I recently moved house from a middle-of-nowhere urban wasteland to a 2-minute walk from the local bar district. The British love their booze and given that most of my social circle has worked in a bar at some point in their life, there hasn’t been a shortage of “fancy a pint?” texts.
One night I was sitting in Wetherspoons with friends and we were talking about getting older. I said, ‘It always annoyed me how society expects you to do certain things in a certain order by a certain age… go to uni, get a job, get married, buy a house, have kids.’
Emily said, ‘And everyone feels sorry for you if you haven’t done that… even if you don’t want to do that.’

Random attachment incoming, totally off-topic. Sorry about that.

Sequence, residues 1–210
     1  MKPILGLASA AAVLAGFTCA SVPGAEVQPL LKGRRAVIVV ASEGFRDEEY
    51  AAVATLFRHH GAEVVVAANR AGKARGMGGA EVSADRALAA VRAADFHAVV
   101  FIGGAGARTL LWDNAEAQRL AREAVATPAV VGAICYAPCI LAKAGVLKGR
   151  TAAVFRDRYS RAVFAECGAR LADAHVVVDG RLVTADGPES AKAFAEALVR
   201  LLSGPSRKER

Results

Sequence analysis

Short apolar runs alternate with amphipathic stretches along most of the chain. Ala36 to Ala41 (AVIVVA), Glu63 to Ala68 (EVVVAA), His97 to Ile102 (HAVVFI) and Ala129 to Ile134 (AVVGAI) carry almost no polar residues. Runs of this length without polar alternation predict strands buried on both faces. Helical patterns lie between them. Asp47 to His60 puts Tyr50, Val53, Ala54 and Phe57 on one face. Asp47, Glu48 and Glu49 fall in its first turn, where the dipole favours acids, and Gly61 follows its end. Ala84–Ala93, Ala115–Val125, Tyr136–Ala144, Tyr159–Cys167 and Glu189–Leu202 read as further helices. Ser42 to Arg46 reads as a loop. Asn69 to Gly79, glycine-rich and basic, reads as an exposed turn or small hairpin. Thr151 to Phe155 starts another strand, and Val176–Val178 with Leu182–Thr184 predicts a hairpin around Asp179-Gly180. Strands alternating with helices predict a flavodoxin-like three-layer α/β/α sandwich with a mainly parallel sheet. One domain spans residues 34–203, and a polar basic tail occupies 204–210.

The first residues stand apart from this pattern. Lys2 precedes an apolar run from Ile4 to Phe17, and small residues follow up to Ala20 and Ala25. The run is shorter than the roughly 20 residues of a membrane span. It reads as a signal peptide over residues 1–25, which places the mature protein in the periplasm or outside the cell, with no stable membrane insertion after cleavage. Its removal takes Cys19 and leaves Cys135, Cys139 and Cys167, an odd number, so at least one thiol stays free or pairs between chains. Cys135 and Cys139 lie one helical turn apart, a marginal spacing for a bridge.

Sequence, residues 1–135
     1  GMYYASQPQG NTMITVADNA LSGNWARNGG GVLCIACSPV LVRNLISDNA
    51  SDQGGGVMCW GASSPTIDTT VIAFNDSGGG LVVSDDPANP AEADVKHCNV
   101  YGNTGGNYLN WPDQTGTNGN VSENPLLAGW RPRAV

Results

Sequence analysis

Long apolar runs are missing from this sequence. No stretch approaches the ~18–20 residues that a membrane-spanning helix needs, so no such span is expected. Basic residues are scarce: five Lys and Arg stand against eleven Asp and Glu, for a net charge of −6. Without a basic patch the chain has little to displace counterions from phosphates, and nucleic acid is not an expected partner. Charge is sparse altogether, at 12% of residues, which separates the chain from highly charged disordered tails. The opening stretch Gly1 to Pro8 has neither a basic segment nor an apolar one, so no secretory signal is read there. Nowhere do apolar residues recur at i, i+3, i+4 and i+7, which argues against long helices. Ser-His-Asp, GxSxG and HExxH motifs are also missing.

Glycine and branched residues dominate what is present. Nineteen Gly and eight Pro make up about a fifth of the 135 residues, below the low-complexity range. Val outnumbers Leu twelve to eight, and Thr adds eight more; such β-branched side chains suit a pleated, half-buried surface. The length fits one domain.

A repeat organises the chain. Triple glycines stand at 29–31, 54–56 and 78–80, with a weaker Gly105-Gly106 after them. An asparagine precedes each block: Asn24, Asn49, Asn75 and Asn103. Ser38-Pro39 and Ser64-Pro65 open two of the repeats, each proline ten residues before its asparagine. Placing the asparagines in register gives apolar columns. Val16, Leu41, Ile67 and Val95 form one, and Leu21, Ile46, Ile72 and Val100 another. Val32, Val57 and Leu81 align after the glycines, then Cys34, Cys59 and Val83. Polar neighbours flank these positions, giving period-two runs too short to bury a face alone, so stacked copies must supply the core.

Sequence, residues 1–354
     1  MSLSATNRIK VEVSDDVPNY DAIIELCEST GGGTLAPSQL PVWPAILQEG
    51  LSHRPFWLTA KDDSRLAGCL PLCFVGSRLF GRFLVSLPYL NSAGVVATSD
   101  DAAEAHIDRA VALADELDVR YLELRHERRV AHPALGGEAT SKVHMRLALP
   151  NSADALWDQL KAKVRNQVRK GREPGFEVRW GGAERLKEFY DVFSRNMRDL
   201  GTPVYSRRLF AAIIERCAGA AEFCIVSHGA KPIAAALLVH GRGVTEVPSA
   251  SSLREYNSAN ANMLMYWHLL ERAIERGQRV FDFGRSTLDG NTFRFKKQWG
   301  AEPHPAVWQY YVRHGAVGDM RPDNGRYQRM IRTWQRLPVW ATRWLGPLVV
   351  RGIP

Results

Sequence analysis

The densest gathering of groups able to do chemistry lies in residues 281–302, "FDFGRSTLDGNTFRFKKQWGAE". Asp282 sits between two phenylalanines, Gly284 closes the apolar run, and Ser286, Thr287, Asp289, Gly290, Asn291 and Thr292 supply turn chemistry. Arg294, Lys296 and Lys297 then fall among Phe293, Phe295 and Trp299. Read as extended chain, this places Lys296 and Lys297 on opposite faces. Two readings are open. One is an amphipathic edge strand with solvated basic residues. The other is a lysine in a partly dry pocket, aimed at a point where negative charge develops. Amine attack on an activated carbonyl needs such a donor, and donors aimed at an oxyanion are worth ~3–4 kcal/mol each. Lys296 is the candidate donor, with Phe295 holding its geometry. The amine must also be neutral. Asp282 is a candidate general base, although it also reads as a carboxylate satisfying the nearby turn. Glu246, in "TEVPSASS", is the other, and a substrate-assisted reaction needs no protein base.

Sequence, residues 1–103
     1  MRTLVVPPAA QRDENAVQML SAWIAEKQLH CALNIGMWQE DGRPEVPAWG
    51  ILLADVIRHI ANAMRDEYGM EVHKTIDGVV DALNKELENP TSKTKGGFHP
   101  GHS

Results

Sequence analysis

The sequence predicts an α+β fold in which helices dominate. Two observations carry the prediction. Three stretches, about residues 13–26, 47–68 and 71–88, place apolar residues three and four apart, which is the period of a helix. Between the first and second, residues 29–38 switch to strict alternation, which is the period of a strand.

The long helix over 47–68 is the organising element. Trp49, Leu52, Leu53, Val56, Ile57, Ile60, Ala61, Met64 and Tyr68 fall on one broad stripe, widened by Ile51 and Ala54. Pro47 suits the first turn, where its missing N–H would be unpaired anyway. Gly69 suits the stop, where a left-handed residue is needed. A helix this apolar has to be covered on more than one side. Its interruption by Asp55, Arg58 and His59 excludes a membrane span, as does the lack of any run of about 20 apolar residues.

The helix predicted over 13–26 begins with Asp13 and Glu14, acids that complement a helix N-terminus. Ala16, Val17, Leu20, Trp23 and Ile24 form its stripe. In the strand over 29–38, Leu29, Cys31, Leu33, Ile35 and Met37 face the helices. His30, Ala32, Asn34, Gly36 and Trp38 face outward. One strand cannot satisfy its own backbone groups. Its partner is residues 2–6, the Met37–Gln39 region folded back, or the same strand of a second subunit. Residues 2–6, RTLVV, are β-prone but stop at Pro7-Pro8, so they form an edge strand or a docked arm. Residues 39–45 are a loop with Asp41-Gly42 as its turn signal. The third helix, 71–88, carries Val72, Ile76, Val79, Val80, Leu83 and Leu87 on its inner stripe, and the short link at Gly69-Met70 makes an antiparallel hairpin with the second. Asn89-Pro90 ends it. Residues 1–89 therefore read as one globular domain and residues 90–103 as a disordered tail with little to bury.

Her words reminded me of a time an ex said, ‘Congratulations, you now have the party lifestyle you’ve always wanted’ like it was an insult. Like now I was no longer eighteen, I should have settled down to a lifetime of monotony.
The truth is, yes I am a party girl and yes I like going out. I like the dissonance of a packed bar, I like the semi-euphoric feeling of occasion, I like the tipsy wine haze. The moment I give that up for slumping on the sofa in front of “crap telly” (seriously, if you say those words with a humble sense of pride then just kill yourself), I’ve let myself down as a person. I would have given up doing what I like for a calm, monotonous, sensible life because society thinks I should take up gardening or baking or some other wholesome bullshit that women who post memes about how being knee-deep in used nappies is the hardest job in the world do.
I’ll take the partying, thanks, especially given that I can bake the best chocolate brownies on the planet already. And instead of judging me, why don’t you judge yourself for being dead inside.